By MAX PIZARRO and TIMOTHY J. CARROLL
The mob is thriving on the New Jersey docks, according to the feds, or at least it was until Thursday when agents ran down a trail that allegedly included 15 New Jersey associates, a historic case that clashes mightily with last September’s Senate testimony by a dockworker union president who said waterfront crime was as antiquated as a hook he held up as a prop.
That was Tom Leonardis, arrested yesterday among the International Longshoremen’s Association (ILA) reps from New Jersey and charged with extorting union members.
“Today’s RICO indictments are part of our long-term fight to rid the ports of New Jersey and New York of the stranglehold of organized crime,” said Marjorie Franzman, Special Agent in Charge for the New York Region of the U.S. Department of Labor’s Office of Inspector General, Office of Labor Racketeering and Fraud Investigations. “We will continue to work with our law enforcement partners to prevent the influence of organized crime over unions.”
State Sen. Ray Lesniak (D-Elizabeth) sponsored a controversial 2010 bill (backed publicly by Leonardis) – and hooked Assemblyman Gordon Johnson (D-Englewood) as a lower house sponsor – to remove the docks from the oversight of the Waterfront Commission and give that authority instead to the Port Authority of New York and New Jersey.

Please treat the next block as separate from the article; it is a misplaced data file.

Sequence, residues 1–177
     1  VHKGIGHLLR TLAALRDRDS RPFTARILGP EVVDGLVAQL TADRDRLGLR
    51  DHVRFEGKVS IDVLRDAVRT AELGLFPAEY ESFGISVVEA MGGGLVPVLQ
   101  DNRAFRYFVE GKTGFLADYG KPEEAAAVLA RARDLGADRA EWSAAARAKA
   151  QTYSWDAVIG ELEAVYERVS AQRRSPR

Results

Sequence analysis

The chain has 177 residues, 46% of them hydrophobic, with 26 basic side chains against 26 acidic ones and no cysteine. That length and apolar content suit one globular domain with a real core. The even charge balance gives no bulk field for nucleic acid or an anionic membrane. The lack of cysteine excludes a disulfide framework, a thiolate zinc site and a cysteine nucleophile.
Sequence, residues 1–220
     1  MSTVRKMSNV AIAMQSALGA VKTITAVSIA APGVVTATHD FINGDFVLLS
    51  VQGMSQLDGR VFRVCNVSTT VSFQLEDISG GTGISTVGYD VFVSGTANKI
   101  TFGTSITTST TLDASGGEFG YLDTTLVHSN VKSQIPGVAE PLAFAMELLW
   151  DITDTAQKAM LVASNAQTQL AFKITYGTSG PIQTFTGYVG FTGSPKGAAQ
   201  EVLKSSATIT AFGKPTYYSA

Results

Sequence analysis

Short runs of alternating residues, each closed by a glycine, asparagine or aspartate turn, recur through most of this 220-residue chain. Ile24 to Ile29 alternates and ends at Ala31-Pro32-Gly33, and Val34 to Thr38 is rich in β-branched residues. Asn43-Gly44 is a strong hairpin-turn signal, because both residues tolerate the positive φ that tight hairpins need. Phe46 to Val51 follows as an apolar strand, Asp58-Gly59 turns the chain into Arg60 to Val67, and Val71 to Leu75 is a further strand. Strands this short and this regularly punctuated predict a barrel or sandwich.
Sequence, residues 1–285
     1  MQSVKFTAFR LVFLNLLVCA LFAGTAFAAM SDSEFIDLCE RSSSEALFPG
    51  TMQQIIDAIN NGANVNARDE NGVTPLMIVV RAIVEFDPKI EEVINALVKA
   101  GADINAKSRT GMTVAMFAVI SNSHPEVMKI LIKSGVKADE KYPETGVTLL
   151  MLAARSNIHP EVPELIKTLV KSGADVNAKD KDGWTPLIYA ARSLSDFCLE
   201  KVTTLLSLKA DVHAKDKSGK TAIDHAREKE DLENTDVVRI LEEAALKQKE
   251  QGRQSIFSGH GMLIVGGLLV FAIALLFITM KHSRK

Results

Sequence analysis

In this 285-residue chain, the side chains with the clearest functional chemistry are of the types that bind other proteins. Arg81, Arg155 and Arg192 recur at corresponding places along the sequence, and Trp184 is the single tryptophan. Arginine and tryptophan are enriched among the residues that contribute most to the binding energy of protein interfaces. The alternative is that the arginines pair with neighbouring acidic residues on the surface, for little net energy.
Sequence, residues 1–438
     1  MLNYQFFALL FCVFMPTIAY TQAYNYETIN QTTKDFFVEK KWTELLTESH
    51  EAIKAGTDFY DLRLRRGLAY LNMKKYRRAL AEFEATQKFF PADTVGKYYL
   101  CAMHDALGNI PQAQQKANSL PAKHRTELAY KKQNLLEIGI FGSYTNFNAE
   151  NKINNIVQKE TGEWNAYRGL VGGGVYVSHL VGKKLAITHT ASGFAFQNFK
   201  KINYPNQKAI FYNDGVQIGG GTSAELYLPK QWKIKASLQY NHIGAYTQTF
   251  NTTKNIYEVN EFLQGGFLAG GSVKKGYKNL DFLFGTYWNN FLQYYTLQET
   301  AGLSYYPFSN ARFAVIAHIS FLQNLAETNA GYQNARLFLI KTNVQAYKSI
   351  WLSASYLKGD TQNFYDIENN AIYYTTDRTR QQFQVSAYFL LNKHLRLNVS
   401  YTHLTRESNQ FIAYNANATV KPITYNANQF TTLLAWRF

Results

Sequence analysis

Lesniak stands by the legislation a day after the big bust, and again made the argument that his focus is oversight responsibility, which he believes would be more properly concentrated under the auspices of the Port Authority, not an ineffectual waterfront commission, he says.
“I just want better supervision,” said the veteran senator. “The Port Authority would make it a lot more efficient. I am developing a pattern of abuses from the waterfront commission and its impact on port businesses.”